Natural infection of vertebrate hosts by different lineages of Buggy Creek virus (family Togaviridae , genus Alphavirus )

Natural infection of vertebrate hosts by different lineages of Buggy Creek virus (family... Buggy Creek virus (BCRV; family Togaviridae , genus Alphavirus ) is an arbovirus transmitted by the ectoparasitic swallow bug (Hemiptera: Cimicidae: Oeciacus vicarius ) to cliff swallows ( Petrochelidon pyrrhonota ) and house sparrows ( Passer domesticus ). BCRV occurs in two lineages (A and B) that are sympatric in bird nesting colonies in the central Great Plains, USA. Previous work on lineages isolated exclusively from swallow bugs suggested that lineage A relies on amplification by avian hosts, in contrast to lineage B, which is maintained mostly among bugs. We report the first data on the BCRV lineages isolated from vertebrate hosts under natural conditions. Lineage A was overrepresented among isolates from nestling house sparrows, relative to the proportions of the two lineages found in unfed bug vectors at the same site at the start of the summer transmission season. Haplotype diversity of each lineage was higher in bugs than in sparrows, indicating reduced genetic diversity of virus amplified in the vertebrate host. BCRV appears to have diverged into two lineages based on different modes of transmission. http://www.deepdyve.com/assets/images/DeepDyve-Logo-lg.png Archives of Virology Springer Journals

Natural infection of vertebrate hosts by different lineages of Buggy Creek virus (family Togaviridae , genus Alphavirus )

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Publisher
Springer Vienna
Copyright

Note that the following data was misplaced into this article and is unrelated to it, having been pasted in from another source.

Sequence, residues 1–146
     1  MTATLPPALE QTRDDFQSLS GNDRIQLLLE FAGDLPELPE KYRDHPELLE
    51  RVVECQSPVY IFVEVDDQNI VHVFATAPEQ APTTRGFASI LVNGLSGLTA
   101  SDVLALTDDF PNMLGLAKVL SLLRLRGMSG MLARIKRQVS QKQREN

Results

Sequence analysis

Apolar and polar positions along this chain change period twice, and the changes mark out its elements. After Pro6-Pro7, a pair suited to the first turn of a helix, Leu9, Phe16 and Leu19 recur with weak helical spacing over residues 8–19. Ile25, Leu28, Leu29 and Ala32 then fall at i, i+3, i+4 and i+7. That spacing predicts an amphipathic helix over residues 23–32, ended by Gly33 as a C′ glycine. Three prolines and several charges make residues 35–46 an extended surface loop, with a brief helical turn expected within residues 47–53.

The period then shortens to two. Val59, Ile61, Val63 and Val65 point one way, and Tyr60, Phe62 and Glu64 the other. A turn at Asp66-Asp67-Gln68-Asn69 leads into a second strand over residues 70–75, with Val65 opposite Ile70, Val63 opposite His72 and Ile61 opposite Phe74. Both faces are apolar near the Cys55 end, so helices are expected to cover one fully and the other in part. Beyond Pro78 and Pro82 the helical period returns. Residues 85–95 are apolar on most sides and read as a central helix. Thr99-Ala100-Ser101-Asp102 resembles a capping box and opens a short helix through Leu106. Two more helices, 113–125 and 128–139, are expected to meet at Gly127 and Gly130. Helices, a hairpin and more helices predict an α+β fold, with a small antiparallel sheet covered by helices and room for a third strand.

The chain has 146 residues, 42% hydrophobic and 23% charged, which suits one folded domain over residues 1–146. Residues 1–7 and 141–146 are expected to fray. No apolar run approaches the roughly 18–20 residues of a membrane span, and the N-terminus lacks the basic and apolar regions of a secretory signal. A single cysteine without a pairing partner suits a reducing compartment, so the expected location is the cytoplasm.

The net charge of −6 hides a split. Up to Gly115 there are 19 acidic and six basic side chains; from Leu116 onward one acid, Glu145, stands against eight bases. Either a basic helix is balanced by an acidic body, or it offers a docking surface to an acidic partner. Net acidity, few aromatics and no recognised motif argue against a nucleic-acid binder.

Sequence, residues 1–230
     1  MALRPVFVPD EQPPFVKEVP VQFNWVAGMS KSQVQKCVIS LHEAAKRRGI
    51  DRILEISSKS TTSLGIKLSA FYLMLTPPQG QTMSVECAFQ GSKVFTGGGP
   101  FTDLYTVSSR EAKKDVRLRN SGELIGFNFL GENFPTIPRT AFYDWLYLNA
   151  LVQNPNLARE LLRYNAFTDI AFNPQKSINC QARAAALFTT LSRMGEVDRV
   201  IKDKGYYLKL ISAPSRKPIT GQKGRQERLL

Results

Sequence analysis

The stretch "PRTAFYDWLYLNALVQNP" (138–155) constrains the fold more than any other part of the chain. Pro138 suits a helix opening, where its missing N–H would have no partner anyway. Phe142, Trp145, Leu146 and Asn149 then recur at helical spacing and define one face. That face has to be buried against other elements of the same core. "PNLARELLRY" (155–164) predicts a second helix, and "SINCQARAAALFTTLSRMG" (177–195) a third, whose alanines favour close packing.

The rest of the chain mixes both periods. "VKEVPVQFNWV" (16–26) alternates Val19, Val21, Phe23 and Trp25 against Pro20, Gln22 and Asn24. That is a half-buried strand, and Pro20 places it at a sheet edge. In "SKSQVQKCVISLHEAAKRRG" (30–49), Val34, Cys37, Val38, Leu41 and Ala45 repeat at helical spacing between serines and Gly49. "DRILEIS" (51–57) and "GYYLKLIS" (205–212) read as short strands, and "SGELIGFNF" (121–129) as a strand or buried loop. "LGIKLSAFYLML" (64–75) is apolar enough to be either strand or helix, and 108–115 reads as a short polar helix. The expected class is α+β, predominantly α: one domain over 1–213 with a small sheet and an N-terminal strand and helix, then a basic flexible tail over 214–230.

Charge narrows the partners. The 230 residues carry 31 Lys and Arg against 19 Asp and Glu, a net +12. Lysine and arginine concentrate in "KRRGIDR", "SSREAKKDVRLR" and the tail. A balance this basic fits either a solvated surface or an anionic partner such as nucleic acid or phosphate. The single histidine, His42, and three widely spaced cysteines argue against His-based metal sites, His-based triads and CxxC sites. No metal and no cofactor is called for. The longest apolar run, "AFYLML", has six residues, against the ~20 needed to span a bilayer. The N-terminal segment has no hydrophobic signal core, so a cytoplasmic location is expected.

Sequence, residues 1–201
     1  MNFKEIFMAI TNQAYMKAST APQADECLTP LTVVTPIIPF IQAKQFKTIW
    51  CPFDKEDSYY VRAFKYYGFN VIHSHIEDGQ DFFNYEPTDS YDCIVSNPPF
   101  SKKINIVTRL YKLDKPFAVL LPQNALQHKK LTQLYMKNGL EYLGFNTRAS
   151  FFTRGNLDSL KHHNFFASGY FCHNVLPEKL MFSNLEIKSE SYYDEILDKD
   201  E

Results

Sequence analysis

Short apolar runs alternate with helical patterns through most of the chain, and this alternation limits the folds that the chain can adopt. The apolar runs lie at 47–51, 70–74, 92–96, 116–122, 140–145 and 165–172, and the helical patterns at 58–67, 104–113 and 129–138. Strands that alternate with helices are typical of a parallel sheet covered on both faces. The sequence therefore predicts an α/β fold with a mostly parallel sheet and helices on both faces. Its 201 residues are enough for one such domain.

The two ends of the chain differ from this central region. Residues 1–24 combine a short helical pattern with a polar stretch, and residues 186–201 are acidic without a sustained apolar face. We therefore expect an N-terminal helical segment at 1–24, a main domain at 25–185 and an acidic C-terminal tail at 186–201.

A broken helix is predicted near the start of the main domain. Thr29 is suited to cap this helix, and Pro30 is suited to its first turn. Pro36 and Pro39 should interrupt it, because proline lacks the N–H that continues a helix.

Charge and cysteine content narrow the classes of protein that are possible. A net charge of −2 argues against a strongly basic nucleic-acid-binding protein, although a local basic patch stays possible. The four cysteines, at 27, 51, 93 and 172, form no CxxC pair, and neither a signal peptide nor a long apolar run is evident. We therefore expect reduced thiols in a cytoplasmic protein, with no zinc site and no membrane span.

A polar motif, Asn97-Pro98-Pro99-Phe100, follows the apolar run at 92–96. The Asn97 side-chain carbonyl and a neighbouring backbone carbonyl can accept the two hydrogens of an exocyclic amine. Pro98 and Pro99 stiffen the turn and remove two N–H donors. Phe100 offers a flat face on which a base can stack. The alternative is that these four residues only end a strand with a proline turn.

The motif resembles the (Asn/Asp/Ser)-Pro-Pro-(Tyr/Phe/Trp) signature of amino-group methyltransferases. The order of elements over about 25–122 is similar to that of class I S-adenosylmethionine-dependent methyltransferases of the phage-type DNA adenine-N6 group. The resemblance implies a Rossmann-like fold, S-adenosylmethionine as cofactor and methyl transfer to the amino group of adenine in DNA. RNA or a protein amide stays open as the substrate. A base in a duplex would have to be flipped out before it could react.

Copyright © 2010 by Springer-Verlag
Subject
Biomedicine; Infectious Diseases; Medical Microbiology ; Virology
ISSN
0304-8608
eISSN
1432-8798
D.O.I.
10.1007/s00705-010-0638-8
Publisher site
See Article on Publisher Site

Abstract

Buggy Creek virus (BCRV; family Togaviridae , genus Alphavirus ) is an arbovirus transmitted by the ectoparasitic swallow bug (Hemiptera: Cimicidae: Oeciacus vicarius ) to cliff swallows ( Petrochelidon pyrrhonota ) and house sparrows ( Passer domesticus ). BCRV occurs in two lineages (A and B) that are sympatric in bird nesting colonies in the central Great Plains, USA. Previous work on lineages isolated exclusively from swallow bugs suggested that lineage A relies on amplification by avian hosts, in contrast to lineage B, which is maintained mostly among bugs. We report the first data on the BCRV lineages isolated from vertebrate hosts under natural conditions. Lineage A was overrepresented among isolates from nestling house sparrows, relative to the proportions of the two lineages found in unfed bug vectors at the same site at the start of the summer transmission season. Haplotype diversity of each lineage was higher in bugs than in sparrows, indicating reduced genetic diversity of virus amplified in the vertebrate host. BCRV appears to have diverged into two lineages based on different modes of transmission.

Journal

Archives of VirologySpringer Journals

Published: May 1, 2010

References

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